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House passes sharp limits on states of emergency, as COVID-19 emergency status continues
Gov. Doug Ducey announces a new executive order in response to the rising COVID-19 cases in the state during a news conference in Phoenix June 29, 2020. Ducey ordered the closing of bars, gyms, theaters, waterparks and tubing. Photo by Michael Chow/The Arizona Republic | Pool photo
House Republicans approved severe limits on states of emergency, in a clear move against proclamations made during the pandemic.
Arizona has been in a state of emergency because of COVID-19 since March of 2020, which has allowed Gov. Doug Ducey to mobilize efforts to support vaccination and monitoring of the virus, as well as receive $2 trillion in federal CARES Act money.
State law currently doesn’t limit how long a state of emergency can last. The legislation that cleared the state House of Representatives on Wednesday would limit that to just 14 days — unless the governor calls a special session of the legislature to determine what actions to take next and whether or not to extend the state of emergency.
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House Bill 2471, which passed on a 31-28 vote, places much stiffer limits on states of emergency than a Senate proposal that won approval in the upper chamber earlier this month. That bill would allow emergency declarations to stand for a total of 120 days in 30 day increments before expiring.
Rep. Kelli Butler, D-Phoenix, questioned the logic behind the bill, and said limiting a state of emergency to only 14 days ignores the reality that the emergency might last past those two weeks, and impede the gathering of the special session.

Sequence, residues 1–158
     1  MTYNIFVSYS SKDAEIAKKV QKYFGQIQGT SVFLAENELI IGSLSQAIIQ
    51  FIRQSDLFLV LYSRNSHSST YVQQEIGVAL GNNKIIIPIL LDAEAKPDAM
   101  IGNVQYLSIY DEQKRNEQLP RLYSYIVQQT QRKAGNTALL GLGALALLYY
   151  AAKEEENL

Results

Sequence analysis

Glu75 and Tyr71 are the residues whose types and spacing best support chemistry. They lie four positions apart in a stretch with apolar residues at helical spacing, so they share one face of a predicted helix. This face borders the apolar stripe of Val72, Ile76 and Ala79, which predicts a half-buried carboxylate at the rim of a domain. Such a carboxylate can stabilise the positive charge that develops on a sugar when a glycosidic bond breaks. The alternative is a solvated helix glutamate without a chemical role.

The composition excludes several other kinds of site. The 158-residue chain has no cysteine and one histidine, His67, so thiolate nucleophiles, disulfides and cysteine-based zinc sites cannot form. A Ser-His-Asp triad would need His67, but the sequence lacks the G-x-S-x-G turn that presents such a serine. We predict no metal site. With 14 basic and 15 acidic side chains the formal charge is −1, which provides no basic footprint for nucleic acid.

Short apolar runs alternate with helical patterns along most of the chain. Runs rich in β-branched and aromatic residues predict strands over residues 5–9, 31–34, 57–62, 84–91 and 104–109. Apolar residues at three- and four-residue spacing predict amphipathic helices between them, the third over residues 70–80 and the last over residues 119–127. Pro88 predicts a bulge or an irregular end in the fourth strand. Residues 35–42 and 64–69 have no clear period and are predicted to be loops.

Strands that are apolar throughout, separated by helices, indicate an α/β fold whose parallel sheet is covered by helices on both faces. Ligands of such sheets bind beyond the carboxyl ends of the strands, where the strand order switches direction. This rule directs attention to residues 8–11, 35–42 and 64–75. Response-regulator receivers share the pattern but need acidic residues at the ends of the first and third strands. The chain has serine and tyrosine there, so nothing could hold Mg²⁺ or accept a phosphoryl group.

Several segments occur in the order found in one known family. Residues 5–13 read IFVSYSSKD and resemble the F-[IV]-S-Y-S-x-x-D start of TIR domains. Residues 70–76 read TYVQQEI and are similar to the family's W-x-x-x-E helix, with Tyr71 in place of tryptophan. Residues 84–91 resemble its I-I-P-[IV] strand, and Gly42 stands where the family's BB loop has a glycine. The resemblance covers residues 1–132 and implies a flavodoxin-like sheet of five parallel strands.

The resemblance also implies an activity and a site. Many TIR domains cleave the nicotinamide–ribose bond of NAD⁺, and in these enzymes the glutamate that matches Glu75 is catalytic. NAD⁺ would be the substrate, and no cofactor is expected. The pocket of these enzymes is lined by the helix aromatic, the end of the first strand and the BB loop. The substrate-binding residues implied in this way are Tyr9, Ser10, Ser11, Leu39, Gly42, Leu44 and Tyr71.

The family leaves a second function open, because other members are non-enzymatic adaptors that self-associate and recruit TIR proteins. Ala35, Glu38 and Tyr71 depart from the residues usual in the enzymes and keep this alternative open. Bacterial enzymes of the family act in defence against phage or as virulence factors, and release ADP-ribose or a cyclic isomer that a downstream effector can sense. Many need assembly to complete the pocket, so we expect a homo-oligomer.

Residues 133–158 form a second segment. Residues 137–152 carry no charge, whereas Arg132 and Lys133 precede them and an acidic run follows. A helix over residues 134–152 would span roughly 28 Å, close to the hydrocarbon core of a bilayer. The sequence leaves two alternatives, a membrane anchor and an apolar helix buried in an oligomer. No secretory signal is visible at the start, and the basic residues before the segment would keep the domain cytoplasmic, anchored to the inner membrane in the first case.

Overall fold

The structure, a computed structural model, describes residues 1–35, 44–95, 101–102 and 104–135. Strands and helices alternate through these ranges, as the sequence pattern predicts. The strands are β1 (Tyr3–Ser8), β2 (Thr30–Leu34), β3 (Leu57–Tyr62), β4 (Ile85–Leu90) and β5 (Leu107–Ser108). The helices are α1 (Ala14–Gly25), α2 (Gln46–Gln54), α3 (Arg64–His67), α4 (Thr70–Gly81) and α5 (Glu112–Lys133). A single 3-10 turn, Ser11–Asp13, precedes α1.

“What if there is a flood or a natural disaster…that would prevent us from coming into a special session?” she asked.
The bill’s sponsor, Rep. Frank Carroll, R-Sun City West, was dismissive of the concern, saying that it’s unlikely a single disaster would prevent all legislators from fulfilling their duties as public servants.
“Our responsibility as legislators is to overcome those obstacles. We do what we can. I don’t think everybody lives on the other side of the river and won’t be able to come here,” he said.
Butler reiterated that some emergencies may affect the availability of all legislators, citing a nuclear meltdown as a possible example.
“I see us holding session in heaven then, at that point,” Carroll responded dryly.
Rep. Pamela Powers Hannley, D-Tucson, called HB2471 a “bad bill” because it handcuffed the governor’s ability to respond to varied emergencies. Natural disasters are handled very differently from ongoing public health concerns like COVID-19.
“This is a one-size-fits-all approach, and I would say that emergencies are not a one-size-fits-all situation,” she said. “We should have flexibility in how we respond to emergencies and not hamstring the government.”
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